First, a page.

The effectiveness of orthopaedic trauma theatres in decreasing morbidity and mortality: a study of 701 displaced subcapital hip fractures in two trauma centres

Injury. 2005 Sep;36(9):1060-6. doi: 10.1016/j.injury.2005.05.001.


In countries with universal health care systems patients frequently wait days for their "emergency" surgery. A general trend in orthopaedic traumatology is the advent of daily, dedicated orthopaedic trauma theatres. Availability of trauma theatres is believed to decrease morbidity and mortality, but this remains unproven. A retrospective review comparing morbidity and mortality outcomes between two similar level-one trauma centres (one without a dedicated trauma room system) was undertaken. We reviewed 701 elderly patients receiving hemiarthroplasties for displaced subcapital hip fractures over a 76-month period. Patients were similar between centres in terms of age, gender ratio and comorbidities. Statistically significant differences were found favouring the dedicated trauma room system with approximately half the operative delay and post-operative morbidity. A trend towards decreased mortality was also seen. This study supports the use of regular orthopaedic trauma theatres in tertiary care institutions.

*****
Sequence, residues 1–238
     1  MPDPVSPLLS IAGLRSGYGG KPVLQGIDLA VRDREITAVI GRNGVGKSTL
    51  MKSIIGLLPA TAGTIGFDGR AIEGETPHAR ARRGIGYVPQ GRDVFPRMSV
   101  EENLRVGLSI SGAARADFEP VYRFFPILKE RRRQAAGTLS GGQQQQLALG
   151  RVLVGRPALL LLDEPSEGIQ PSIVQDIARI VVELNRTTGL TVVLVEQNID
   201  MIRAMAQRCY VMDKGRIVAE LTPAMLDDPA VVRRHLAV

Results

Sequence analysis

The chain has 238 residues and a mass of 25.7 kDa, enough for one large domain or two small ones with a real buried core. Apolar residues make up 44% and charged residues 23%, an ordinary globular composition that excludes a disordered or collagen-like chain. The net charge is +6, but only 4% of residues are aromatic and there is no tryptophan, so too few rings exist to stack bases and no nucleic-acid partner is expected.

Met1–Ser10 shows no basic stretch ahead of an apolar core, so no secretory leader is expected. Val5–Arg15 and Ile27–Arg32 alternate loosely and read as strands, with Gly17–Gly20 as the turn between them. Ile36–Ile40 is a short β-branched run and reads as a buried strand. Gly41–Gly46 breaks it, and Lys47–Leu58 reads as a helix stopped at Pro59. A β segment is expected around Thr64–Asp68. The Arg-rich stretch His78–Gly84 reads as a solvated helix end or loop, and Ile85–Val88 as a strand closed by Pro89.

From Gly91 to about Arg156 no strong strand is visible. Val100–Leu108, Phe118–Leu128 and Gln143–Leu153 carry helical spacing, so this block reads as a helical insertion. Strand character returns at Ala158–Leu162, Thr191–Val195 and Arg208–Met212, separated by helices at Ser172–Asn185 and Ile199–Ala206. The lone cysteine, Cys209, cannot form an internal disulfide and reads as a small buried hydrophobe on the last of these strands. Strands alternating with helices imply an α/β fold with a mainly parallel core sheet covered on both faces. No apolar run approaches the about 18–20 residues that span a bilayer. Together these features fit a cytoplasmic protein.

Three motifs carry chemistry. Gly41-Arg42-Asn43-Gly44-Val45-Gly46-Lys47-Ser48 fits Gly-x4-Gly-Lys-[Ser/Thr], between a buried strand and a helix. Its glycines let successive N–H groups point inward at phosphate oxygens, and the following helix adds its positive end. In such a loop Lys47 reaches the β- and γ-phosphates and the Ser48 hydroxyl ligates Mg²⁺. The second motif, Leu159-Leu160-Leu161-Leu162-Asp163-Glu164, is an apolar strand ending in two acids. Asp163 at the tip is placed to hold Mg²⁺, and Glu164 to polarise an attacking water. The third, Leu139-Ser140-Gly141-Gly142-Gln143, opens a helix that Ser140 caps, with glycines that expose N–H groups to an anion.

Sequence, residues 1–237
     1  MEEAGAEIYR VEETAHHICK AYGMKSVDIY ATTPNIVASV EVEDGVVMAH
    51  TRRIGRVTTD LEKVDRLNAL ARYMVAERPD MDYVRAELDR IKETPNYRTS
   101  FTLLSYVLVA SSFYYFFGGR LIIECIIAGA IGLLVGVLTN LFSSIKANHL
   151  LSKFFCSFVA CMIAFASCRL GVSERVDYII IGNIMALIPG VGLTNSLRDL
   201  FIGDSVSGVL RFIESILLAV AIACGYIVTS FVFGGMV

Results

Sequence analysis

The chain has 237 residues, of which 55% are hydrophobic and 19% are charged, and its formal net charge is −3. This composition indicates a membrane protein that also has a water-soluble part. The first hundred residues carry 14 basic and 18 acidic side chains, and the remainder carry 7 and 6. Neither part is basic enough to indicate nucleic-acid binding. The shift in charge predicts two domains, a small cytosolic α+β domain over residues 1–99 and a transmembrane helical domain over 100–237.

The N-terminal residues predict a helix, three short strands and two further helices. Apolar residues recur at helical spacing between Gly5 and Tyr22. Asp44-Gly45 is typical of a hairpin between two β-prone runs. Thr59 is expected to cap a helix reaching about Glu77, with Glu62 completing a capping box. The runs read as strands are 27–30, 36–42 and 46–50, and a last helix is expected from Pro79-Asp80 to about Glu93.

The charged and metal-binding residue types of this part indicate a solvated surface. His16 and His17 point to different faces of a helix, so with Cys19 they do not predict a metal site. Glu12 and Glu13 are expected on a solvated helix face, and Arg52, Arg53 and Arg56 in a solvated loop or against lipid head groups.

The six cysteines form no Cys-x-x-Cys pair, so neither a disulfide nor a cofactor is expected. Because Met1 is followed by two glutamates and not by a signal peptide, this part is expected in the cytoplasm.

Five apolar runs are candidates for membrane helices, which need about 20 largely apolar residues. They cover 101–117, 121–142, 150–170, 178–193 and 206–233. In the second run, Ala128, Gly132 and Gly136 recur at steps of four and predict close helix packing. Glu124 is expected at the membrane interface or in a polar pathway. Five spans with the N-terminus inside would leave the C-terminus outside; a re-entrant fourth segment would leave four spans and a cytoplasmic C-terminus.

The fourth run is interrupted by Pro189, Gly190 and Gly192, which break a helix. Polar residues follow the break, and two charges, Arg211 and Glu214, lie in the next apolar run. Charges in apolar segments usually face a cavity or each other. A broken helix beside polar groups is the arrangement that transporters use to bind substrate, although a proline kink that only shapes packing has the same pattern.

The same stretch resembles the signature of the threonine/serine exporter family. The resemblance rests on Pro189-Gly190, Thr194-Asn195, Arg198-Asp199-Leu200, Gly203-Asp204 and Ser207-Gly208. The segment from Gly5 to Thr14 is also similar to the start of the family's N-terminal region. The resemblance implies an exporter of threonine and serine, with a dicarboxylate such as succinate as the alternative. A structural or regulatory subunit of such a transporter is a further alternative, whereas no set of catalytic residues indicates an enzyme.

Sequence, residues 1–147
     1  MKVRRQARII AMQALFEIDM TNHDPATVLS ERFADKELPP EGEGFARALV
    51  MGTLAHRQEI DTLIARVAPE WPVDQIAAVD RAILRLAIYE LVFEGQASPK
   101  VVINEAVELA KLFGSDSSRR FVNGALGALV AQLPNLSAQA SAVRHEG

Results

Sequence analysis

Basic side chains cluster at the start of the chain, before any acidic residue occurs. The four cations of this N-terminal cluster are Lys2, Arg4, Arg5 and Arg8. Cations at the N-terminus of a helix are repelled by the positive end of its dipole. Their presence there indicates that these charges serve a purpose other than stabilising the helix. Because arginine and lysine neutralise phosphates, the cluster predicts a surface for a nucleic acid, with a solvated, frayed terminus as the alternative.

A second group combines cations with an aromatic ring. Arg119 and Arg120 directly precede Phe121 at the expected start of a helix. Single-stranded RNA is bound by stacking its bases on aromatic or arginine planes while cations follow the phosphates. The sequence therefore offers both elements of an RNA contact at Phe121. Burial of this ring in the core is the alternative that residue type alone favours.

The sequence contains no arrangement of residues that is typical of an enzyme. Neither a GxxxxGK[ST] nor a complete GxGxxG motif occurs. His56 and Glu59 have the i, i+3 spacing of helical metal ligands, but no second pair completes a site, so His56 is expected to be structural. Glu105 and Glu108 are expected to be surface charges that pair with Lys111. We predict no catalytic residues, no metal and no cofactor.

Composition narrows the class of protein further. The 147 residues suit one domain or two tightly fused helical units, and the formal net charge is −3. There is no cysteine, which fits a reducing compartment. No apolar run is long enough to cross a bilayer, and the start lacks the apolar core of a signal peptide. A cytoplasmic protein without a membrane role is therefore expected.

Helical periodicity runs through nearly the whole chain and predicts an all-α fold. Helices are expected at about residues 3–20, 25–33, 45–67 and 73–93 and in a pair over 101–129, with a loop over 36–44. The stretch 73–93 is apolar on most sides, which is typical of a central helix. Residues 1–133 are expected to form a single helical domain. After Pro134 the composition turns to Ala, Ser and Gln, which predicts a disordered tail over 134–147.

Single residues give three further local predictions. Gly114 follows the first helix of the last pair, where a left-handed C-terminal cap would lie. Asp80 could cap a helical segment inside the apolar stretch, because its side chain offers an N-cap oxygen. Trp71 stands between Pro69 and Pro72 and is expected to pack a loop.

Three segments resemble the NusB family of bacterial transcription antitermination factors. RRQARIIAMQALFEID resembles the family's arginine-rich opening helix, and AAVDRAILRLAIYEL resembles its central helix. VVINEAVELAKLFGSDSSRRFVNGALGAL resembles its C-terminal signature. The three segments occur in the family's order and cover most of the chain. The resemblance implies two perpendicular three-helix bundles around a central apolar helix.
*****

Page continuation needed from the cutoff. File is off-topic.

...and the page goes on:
Publication types

  • Multicenter Study

MeSH terms

  • Aged
  • Aged, 80 and over
  • Anti-Infective Agents / therapeutic use
  • Arthroplasty, Replacement, Hip / methods
  • Arthroplasty, Replacement, Hip / mortality
  • Canada / epidemiology
  • Comorbidity
  • Female
  • Femoral Neck Fractures / epidemiology
  • Femoral Neck Fractures / mortality
  • Femoral Neck Fractures / surgery*
  • Humans
  • Length of Stay
  • Male
  • Morbidity
  • Operating Rooms*
  • Postoperative Care / methods
  • Postoperative Complications / etiology
  • Retrospective Studies
  • Time Factors
  • Trauma Centers*
  • Treatment Outcome
  • Urban Health


  • Anti-Infective Agents